The people were in “phase three” of their usual cycle and trying to move to “phase four” from my list above.  Sadly, this would not be the last time the pattern would repeat.  Among the many lessons we can learn from the Israelites, two stand out to me.  First, they didn’t deal well with difficulty.  Second, they didn’t remember God in their times of ease.

Dealing with Difficulty

Kelly Minter explains:  “whenever the Israelites faced difficulty in the desert they chose to believe something false about God.  Three of the biggies were that He had abandoned them, withheld from them, or wouldn’t meet their needs.”  (Nehemiah:  A Heart That Can Break p. 125).

Like the Israelites, we can make big mistakes when we view difficulties as unusual or when we expect to be spared from them.  Hard things happen, but God is still good.  In fact, He often uses hardships to refine our faith and draw us closer to Him.  Jesus said it clearly,  “I have told you these things, so that in me you may have peace. In this world you will have trouble. But take heart! I have overcome the world.”  (John 16:33)

When we have established in our hearts and minds that God is good then the difficulties we face cause us to rely on Him instead of questioning Him.  Similarly, when we believe God is sovereign, we trust Him to handle the injustices we experience.  Even when we don’t understand the trials we face, we know He’ll use them mature us and refine our faith.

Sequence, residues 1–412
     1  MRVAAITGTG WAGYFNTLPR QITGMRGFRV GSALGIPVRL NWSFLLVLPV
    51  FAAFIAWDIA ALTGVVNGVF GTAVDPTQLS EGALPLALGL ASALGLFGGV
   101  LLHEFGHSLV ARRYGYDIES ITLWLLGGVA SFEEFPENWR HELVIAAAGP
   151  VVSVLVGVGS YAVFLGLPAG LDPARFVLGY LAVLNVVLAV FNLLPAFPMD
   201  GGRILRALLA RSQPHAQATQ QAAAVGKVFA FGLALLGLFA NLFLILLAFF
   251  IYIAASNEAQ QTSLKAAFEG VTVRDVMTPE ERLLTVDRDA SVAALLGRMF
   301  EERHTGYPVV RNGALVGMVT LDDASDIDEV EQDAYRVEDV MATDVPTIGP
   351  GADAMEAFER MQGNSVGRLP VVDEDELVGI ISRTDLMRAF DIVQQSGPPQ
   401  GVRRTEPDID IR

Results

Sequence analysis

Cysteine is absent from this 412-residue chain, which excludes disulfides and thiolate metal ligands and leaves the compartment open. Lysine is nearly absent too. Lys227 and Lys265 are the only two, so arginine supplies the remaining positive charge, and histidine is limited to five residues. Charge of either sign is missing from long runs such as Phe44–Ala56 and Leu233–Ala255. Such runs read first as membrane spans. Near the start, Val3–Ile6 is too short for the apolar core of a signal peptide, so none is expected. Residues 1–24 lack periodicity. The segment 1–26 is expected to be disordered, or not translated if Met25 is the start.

“Praise be to the God and Father of our Lord Jesus Christ! In his great mercy he has given us new birth into a living hope through the resurrection of Jesus Christ from the dead, and into an inheritance that can never perish, spoil or fade. This inheritance is kept in heaven for you, who through faith are shielded by God’s power until the coming of the salvation that is ready to be revealed in the last time. In all this you greatly rejoice, though now for a little while you may have had to suffer grief in all kinds of trials. These have come so that the proven genuineness of your faith—of greater worth than gold, which perishes even though refined by fire—may result in praise, glory and honor when Jesus Christ is revealed. Though you have not seen him, you love him; and even though you do not see him now, you believe in him and are filled with an inexpressible and glorious joy, for you are receiving the end result of your faith, the salvation of your souls.”  (1 Peter 1:3-9)

“Consider it pure joy, my brothers and sisters, whenever you face trials of many kinds, because you know that the testing of your faith produces perseverance. Let perseverance finish its work so that you may be mature and complete, not lacking anything.  (James 1:2-4)

Forgetting God in Times of Ease

Nehemiah 9:35 explains that even when the people were enjoying God’s “great goodness” and the “spacious and fertile land,” they failed to acknowledge Him.